EuroBiotech: More Articles of Note

> Pierre Fabre struck a deal with Inserm to discover new immuno-oncology targets. The three-year collaboration will pair the translational medicine experience of Pierre Fabre with the research skills of Cordeliers Research Center, a 450-person Paris-based operation that investigates immunity and cancer under the patronage of Inserm. By involving Pierre Fabre early in the process, Inserm hopes to cut the time it takes for academic research to translate into drug development programs. Release (PDF)

> Galapagos ($GLPG) landed a $2 billion deal (€1.8 billion) with Gilead ($GILD). The agreement gives Galapagos $725 million upfront in the form of a licensing fee and equity investment, plus up to $1.35 billion in milestones, in exchange for rights to the JAK1 inhibitor that AbbVie ($ABBV) walked away from earlier this year. Galapagos has agreed to pay 20% of R&D costs and has kept the option to co-promote the drug in certain markets. Gilead will pay tiered royalties, starting at 20%, on global sales. Release

> MS Ventures, Aglaia Oncology Fund II and Novo Seeds teamed up to funnel €3.4 million ($3.7 million) into Inthera Bioscience, a Swiss biotech developing small molecule drugs for solid tumors. "The broad applicability of Inthera's technology is intriguing," MS Ventures' Jasper Bos said in a statement. "Protein-protein interactions are one of the most promising target classes in oncology but have been notoriously intractable. The possibility to rationally design small molecule inhibitors against them could break new ground in targeted cancer therapy." Release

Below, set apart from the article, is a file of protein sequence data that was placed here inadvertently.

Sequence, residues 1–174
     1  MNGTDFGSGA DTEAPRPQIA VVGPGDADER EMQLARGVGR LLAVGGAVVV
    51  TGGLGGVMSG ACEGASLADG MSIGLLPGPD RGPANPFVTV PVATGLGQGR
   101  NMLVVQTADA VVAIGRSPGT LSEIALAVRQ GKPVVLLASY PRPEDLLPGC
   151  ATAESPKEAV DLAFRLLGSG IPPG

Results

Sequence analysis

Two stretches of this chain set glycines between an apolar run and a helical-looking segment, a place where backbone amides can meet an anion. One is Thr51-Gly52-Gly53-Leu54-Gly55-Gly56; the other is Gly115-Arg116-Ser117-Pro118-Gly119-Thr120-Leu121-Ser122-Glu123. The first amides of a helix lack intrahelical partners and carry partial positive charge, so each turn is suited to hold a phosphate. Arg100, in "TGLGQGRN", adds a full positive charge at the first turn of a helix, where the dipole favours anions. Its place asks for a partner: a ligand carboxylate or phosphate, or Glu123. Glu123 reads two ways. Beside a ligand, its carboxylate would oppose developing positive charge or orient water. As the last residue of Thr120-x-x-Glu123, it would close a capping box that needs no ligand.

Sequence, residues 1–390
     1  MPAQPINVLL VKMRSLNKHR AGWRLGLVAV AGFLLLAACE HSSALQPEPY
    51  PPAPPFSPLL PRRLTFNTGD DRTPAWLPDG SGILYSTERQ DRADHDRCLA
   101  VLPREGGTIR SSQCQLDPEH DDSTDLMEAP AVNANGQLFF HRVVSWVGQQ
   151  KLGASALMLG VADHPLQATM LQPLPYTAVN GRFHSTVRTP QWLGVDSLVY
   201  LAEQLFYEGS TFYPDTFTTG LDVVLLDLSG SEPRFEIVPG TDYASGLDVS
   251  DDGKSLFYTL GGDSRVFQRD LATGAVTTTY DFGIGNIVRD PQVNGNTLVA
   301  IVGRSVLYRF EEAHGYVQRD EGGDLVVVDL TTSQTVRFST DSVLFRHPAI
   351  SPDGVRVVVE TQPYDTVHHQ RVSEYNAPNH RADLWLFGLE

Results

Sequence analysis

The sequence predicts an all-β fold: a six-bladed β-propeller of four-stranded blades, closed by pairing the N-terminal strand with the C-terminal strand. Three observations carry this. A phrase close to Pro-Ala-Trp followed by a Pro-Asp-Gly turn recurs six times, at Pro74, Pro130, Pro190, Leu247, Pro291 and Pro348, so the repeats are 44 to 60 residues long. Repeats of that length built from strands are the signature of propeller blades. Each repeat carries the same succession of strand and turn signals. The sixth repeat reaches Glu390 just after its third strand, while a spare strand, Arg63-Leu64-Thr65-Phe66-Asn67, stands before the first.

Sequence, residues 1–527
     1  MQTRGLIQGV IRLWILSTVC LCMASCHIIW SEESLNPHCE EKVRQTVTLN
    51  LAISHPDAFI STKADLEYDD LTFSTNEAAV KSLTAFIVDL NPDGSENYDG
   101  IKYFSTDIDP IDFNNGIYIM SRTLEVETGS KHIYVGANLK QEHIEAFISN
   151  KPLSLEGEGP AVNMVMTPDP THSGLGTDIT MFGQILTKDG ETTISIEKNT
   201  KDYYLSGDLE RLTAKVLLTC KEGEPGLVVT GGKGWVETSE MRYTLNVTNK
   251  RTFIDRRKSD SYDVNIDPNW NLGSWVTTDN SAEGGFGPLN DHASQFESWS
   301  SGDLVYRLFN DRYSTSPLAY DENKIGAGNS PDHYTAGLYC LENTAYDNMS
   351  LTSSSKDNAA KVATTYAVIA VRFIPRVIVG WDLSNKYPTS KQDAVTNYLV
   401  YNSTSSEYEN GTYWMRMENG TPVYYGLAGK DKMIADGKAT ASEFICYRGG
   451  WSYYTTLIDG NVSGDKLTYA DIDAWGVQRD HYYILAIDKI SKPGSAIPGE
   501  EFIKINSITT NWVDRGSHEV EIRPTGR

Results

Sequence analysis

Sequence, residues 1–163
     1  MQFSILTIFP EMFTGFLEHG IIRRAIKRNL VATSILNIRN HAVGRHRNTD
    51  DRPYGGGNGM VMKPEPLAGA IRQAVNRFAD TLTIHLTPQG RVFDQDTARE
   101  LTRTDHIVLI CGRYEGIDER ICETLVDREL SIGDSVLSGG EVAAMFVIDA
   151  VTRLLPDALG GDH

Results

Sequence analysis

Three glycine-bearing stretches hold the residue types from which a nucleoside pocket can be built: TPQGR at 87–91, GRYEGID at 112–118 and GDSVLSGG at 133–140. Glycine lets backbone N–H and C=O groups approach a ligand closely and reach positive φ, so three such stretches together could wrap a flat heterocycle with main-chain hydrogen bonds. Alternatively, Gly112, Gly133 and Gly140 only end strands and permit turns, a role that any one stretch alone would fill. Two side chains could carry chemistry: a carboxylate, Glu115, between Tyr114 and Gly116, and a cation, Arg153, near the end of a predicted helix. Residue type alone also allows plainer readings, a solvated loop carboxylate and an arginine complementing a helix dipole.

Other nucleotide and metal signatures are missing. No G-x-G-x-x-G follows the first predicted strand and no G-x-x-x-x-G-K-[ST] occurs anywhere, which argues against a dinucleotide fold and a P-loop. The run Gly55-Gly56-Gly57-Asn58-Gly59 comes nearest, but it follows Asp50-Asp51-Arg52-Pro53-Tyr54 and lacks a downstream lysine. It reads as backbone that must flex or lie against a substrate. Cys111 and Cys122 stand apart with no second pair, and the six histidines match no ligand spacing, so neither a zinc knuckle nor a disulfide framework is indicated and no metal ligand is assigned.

> AstraZeneca ($AZN) reiterated its commitment to Sweden by teaming up with the Wallenberg Centre for Protein Research. The collaboration will dig into the secretome, a term for proteins secreted by cells. AstraZeneca will screen its compound library against secretome proteins in a bid to uncover new targets for its drug development team. "Harnessing the power of the secretome in this unprecedented way will help us to identify new biomarkers, drug targets and ultimately develop next-generation biological treatments," AstraZeneca CEO Pascal Soriot said in a statement. FierceBiotech

> Complix committed to advancing its autoimmune drug candidate into the clinic. The drug, CMX-02, is seen as a treatment for psoriatic arthritis and Crohn´s disease. Hasselt, Belgium-based Complix has designed CMX-02 to target both TNFα and IL-23, cytokines involved in the inflammation cascade. The idea is set to be tested in the clinic, with Complix striking a deal with Selexis to support the production of the experimental drug. Release

> Freeline Therapeutics joined the growing scrum of biotechs aiming to treat bleeding diseases using gene therapy. The UCL spinout has rounded up £25 million ($38 million) from the Wellcome Trust's £200 million investment vehicle to bankroll its work, which is centered on an adeno-associated virus (AAV) gene therapy platform. In a Phase I/II trial, a treatment based on the platform cut bleeding episodes by 90% over three years. FierceBiotech

> AstraZeneca bought a 55% stake in Acerta Pharma for $4 billion (€3.7 billion). The Big Pharma has the option to scoop up the remaining 45% of the Dutch cancer player for $3 billion. Acalabrutinib, a blood cancer drug, is the focal point of Acerta's pipeline. "Acalabrutinib provides us with a small molecule presence in blood cancers to complement our existing immunotherapy approach, in collaboration with Celgene ($CELG) in hematological malignancies," AstraZeneca CEO Pascal Soriot told the Wall Street Journal. WSJ (sub. req.)